If there are two qualities that set the very best sides at any level apart from the rest, it is that they are clinical and they are ruthless. Millfield showed both of those qualities as they secured fourteen points in that sin-bin period, though two excellent scores, both crafted from the excellent boot of Hastings, who converted both. He exploited the extra space brilliantly, first through a cheeky grubber through, the second with a pin-point crossfield kick – it was the sort of play that marks the man out as a top player.

That put his side 20-3 up and all of a sudden in total control. Oakham were not ready to give up though. The trip from Rutland to Somerset is not a short one and as their legion of fans at Millfield’s Gareth Edward’s pitch and following along on Twitter were keen to point out – they had not come to roll over or lose.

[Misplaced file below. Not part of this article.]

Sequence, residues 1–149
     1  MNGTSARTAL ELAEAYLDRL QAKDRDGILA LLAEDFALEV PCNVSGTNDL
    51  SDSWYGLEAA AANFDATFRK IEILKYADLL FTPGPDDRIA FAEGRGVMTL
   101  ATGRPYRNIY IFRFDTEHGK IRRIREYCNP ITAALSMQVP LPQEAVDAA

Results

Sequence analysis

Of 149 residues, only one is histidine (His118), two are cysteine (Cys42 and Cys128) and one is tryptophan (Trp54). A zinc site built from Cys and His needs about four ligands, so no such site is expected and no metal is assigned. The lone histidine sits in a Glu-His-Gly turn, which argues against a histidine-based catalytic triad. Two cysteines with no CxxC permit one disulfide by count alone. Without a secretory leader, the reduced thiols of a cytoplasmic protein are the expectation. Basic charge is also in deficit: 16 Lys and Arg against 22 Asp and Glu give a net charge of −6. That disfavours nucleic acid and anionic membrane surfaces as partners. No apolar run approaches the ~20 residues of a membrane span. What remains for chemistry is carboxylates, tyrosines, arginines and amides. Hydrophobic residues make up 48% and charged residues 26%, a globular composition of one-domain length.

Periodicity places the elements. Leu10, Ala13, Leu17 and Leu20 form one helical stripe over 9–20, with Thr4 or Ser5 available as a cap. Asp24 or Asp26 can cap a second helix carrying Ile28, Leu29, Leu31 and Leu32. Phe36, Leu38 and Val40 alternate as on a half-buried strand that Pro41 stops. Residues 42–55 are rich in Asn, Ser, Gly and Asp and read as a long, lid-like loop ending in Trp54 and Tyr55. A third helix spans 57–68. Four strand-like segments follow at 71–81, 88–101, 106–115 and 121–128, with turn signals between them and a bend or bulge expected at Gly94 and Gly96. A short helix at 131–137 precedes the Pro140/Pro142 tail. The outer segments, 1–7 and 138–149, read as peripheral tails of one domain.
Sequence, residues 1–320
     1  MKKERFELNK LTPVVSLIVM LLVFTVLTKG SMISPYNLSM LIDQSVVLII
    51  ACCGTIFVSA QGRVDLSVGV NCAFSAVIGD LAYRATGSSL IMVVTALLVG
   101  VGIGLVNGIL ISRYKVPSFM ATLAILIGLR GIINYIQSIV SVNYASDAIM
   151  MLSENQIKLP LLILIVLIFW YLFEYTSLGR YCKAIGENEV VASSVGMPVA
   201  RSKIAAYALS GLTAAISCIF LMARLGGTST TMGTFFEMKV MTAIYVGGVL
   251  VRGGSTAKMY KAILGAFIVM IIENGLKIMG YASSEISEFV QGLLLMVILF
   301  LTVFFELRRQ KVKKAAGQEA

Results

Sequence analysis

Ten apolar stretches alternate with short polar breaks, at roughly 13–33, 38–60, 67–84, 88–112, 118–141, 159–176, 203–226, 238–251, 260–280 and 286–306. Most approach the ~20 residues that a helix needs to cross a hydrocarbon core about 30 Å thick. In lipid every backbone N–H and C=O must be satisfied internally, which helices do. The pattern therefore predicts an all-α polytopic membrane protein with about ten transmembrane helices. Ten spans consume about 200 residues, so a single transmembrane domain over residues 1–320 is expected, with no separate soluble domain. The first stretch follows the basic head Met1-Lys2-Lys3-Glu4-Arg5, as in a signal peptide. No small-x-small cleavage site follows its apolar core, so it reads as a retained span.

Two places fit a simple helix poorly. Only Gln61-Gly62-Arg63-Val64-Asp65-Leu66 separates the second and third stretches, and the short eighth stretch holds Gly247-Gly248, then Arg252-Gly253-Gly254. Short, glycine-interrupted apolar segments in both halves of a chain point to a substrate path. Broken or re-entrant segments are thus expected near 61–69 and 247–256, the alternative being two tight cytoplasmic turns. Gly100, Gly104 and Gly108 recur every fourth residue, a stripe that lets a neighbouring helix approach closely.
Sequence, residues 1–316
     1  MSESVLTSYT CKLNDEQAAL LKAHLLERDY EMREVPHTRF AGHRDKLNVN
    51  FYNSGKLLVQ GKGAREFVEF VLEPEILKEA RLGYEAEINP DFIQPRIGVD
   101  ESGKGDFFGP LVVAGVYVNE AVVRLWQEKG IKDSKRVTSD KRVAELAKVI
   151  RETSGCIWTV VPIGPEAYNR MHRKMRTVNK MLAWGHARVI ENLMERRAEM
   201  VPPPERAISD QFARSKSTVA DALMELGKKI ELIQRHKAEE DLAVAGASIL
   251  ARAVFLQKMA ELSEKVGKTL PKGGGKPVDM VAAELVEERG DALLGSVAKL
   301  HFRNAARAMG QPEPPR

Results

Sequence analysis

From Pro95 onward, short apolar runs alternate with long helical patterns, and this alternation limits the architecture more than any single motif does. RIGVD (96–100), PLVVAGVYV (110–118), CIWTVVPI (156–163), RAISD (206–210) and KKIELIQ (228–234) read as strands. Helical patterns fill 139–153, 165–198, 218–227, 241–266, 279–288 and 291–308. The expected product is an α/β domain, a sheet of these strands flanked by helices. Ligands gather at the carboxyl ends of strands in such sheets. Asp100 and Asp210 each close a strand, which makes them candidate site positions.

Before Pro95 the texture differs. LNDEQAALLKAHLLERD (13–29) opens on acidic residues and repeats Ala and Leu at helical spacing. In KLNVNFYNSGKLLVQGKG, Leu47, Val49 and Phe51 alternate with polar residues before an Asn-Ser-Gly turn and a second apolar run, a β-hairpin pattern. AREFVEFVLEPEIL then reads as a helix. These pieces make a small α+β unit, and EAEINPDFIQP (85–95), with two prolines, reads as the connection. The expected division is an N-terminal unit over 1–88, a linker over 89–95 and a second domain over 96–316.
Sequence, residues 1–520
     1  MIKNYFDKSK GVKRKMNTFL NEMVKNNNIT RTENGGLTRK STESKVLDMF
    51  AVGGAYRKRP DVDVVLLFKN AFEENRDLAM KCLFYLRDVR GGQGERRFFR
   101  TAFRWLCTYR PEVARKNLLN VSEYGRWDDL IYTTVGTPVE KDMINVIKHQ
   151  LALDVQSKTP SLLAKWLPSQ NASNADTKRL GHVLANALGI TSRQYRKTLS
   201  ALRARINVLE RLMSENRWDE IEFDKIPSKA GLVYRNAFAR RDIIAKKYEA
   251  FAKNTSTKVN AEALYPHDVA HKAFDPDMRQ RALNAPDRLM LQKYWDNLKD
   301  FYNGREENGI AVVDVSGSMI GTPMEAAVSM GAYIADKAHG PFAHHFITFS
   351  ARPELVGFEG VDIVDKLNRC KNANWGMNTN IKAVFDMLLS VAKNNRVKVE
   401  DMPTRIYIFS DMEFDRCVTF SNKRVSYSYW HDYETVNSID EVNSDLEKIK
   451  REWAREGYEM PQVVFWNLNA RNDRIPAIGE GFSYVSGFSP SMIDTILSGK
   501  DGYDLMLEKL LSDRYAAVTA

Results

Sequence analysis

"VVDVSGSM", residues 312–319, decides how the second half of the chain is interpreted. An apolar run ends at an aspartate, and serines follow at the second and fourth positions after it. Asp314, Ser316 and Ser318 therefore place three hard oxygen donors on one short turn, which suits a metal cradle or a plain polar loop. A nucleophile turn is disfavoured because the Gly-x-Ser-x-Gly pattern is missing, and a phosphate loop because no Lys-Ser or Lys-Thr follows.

How right they were, dogged they remained, captain Henry Boddy was getting stuck in with Millfield captain Bailey Ransom, doing his best to upset the home side’s mindset and flow. However no amount of gnarly breakdown work, guts, or determination can prevent sheer magic when it happens, and with Darren Atkins in the opposition ranks, magic is never far away.

The gliding full back picked up the ball inside his own half, feinted to pass left for the briefest of moments before dropping his shoulder and breezing between the onrushing defenders, surging deep into Oakham territory. As the cover approached, Jonny May’s rounding of Israel Dagg last Saturday sprang to mind. Atkins, already in full flight, seemed to find an extra yard or two of pace to just glide around the outside to slide over in the corner. It was yet another outstanding try from the man who began his career at Millfield’s Prep School.

That try gave Millfield a 25-3 half time lead, and while Oakham were definitely in the game, it felt as though it was likely to be too big a margin to overcome.